Teens Are Finding A Strong Sense Of Community Online
We've heard it plenty of times before: The internet can be a breeding ground for vicious cyberbullying. We've even written about it here at Choices. There's no denying that anonymous apps open the door for online cruelty (which is certainly problematic), but there's also a positive side to all of this technology. It may not be talked about as much, but social media can form a really strong bond among teens, as proven in a new study from the Pew Foundation about "Teens, Technology and Friendships."
The study's findings counter the argument that social media makes kids anti-social. The sense of community allows teens to connect with their peers, without even having to leave their house. Lead author Amanda Lenhart says,
"Adults have tended to see time online for teenagers as this frivolous, time-wasting thing that’s just entertainment. But what we found is that it’s crucial for teenagers in forming and maintaining these really important relationships in their lives."
Bonding on the Internet makes sense, since it's not always easy for teens to get to a friend's house. (Perhaps some teens don't yet have a driver's license, and their parents are too busy to drive them.) In fact, only 25 percent of teens, ages 13-17, say they hang out with friends in person daily. Thirty-nine percent interact with friends every few days, but 32 percent say it's even less often.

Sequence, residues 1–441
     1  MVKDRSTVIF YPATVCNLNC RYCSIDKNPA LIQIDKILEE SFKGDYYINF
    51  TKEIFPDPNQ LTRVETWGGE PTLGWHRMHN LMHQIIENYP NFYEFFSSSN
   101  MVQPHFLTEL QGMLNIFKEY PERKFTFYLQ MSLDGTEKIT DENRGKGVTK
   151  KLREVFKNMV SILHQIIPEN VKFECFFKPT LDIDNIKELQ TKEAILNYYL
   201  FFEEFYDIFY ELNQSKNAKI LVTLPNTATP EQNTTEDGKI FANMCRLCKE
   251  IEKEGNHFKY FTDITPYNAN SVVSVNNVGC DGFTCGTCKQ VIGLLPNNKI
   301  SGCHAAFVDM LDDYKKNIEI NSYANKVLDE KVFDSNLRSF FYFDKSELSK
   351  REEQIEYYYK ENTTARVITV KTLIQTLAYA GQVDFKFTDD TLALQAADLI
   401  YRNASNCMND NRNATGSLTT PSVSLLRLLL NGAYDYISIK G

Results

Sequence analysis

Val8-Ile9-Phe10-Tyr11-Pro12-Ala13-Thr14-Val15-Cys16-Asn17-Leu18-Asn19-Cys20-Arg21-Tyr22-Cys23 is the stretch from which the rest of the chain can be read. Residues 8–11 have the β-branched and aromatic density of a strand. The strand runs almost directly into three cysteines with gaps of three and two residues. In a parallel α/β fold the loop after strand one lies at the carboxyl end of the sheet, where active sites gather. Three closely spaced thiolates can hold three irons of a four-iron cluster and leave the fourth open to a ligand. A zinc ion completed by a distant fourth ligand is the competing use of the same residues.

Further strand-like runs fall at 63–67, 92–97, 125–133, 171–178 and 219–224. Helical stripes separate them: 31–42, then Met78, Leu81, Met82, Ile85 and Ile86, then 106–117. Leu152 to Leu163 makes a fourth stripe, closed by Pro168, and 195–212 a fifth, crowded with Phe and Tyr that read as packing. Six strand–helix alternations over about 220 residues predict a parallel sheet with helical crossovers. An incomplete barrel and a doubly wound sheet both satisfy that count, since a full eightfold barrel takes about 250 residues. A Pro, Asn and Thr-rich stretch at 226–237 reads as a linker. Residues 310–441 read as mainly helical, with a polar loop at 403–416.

According to the report, 57 percent of teens have made a friend online. Actually, 29 percent say they've made more than five friends that way. There are numerous ways this can happen: blogging, video games, social networks like Instagram or Twitter. Sometimes a connection forms over something as simple as liking the same singer or sports team.
While we all know the Internet could be a source of online drama, it can also be a great place to foster friendships—as long as teens proceed with caution. Since the report revealed that one in five teens has met up with a virtual pal in-person, it can't hurt to remind them to always meet in a public place and keep you in the loop of where they're going.
For more about teens and technology, check out our "Help! I Can't Put Down My Phone" story!